In the light of eternity, what matters? In the light of the resurrection and the coming, new heavens and earth, what will you try to keep for that day? In other words, since that day is coming, are the things to which you’re clinging here and now worth it? If you’re holding on to grudges, refusing to reconcile or forgive, repent. Unless you’re going to present those grievances before the Lord, throw them away now. They’re not worth it. God’s delay in coming is for repentance and salvation, not for complacency. How often we become so comfortable in the inertia of our daily lives that we act as if the Lord’s coming is so far off to be irrelevant to what we’re now doing.
In Advent—at least this Advent—Peter brings us up short and puts the coming presence of Jesus front and center. It is true that neither Jesus nor Peter tells us when that day will come. It will come like a thief, on a day and time unknown. But the fact of His coming, the fact that He keeps His promise—that is, or will be, undeniable. And what if we did know? Would that make things better or worse? There is a short Norwegian film where a psychic in a small town is always correct. Everyone believes everything he says will happen. One Tuesday, the psychic tells a farmer that he’s going to die on Thursday. The farmer doesn’t argue, or ask questions. He just goes into his house and begins to prepare. But how he prepares to meet his death is by calling his brother and telling him that he will never get the farm, no matter what the inheritance laws say. The farmer boards up his windows and boards up his doors. He chainsaws a hole in the bottom floor and puts spray foam insulation around it. Then he goes upstairs, plugs up the bathtub and the sink, and turns on the water. As he waits for his death, the water drips down. When Thursday comes, he lies down in the hole with a pot of flowers, and waits to die.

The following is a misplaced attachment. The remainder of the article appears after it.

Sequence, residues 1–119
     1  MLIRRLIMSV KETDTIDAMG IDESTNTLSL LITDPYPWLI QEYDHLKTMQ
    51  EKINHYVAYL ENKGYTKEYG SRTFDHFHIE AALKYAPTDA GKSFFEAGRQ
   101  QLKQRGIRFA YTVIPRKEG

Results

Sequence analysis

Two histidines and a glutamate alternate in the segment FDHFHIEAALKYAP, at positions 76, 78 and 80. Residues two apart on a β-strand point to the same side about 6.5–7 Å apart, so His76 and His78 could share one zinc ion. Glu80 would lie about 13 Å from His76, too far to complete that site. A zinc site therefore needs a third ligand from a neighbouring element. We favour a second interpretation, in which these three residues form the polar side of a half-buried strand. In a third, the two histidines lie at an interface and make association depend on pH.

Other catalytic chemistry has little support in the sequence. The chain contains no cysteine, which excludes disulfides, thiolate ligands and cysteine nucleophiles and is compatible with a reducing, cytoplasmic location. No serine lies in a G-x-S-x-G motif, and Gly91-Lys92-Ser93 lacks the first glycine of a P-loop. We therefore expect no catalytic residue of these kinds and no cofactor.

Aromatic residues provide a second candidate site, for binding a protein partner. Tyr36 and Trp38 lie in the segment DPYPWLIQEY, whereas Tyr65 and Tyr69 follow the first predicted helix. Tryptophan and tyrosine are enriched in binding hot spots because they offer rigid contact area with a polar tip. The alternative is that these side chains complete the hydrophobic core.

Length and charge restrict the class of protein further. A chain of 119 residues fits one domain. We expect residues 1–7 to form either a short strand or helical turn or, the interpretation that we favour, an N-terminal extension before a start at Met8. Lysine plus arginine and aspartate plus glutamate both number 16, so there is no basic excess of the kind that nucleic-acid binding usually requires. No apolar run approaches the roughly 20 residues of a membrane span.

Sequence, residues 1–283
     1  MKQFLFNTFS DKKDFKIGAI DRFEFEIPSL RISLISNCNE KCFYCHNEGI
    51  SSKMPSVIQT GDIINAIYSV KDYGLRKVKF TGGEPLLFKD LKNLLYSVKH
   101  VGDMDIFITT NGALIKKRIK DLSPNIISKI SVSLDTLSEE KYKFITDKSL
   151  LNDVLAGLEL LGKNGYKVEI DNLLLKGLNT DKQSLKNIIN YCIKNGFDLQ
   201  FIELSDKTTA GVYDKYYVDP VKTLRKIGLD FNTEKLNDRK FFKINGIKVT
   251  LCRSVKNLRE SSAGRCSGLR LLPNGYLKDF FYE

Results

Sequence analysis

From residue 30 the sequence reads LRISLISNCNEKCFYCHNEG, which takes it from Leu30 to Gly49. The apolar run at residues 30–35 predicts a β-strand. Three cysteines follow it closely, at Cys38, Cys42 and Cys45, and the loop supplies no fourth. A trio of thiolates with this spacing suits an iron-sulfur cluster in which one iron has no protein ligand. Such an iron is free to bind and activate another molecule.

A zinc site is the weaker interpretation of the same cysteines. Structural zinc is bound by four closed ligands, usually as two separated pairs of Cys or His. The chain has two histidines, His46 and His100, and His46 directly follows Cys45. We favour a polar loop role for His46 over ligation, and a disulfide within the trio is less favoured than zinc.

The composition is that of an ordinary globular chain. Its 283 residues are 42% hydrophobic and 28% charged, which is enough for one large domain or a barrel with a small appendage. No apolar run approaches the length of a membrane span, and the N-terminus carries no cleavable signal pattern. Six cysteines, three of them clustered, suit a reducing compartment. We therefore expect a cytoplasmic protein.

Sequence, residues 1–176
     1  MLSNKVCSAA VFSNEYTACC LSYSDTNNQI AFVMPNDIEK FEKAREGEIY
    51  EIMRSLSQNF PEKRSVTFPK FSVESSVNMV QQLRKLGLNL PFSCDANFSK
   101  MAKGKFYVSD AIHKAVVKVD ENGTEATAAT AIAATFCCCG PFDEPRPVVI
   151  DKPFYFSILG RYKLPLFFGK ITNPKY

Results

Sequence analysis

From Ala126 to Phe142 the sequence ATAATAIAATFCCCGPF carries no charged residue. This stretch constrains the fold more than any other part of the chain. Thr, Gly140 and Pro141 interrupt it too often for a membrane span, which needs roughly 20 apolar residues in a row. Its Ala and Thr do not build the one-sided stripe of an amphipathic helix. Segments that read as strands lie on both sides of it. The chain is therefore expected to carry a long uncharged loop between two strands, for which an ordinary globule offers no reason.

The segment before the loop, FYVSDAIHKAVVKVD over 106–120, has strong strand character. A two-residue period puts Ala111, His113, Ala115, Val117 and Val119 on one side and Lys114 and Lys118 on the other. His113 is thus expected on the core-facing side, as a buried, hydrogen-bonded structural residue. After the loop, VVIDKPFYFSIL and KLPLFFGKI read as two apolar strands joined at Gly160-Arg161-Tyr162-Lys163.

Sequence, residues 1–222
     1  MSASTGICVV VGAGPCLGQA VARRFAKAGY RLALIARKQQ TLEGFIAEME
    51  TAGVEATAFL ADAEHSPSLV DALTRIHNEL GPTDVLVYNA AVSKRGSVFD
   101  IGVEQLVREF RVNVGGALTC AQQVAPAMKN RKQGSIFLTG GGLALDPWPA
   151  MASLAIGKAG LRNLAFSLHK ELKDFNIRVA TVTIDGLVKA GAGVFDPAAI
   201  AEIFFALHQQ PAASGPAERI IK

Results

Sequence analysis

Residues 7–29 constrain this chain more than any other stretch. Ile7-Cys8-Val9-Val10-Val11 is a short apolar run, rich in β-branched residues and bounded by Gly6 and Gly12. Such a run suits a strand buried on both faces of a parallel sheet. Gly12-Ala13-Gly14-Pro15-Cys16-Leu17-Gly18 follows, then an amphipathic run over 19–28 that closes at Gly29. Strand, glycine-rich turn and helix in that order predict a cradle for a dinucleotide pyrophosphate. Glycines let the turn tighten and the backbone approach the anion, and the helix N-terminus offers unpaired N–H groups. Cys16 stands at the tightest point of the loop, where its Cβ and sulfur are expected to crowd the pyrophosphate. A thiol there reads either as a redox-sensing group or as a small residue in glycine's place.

But there is a knocking at his door and his friend says he doesn’t feel well, that he’s seeing all sorts of things, and feeling crazy. The friend falls down dead, and as the farmer goes outside, the psychic arrives. He says, “I’ve made a terrible mistake.”
So the farmer, thinking he knew the day of his death, destroyed his house so that his brother wouldn’t get it. Whatever precipitated the grudge, he hated his brother so much that he was willing to destroy his brother’s inheritance. But he only destroyed his own.
We like to think that if we knew the day of our death, or the day of the Lord’s return, we’d focus on the things that matter, and do the things that are important. But it’s just as likely that we would do what we can get away with, pay out our own vengeance, settle the scores. And then, perhaps, we’d settle things with God at the last moment. Maybe this is part of why Jesus doesn’t tell us the day of His coming: because we can’t be trusted.
It is enough to know that He will keep His promise. It is enough to know that He hasn’t come yet for the sake of repentance and salvation, perhaps even ours. The Lord will come in glory and power, but He comes here and now hidden and humble. Confess and be reconciled. Forgive. Brothers and sisters, let us love in action, and not only in words. The Lord will come. But His patience now is for repentance, and it means salvation, even for you, even for me.
In the Name of the Father and of the Son and of the Holy Spirit. Amen. “And the peace of God, which surpasses all understanding, will guard your hearts and your minds in Christ Jesus” (Philippians 4:7, ESV). Amen.
– Pr. Timothy Winterstein, 12/10/17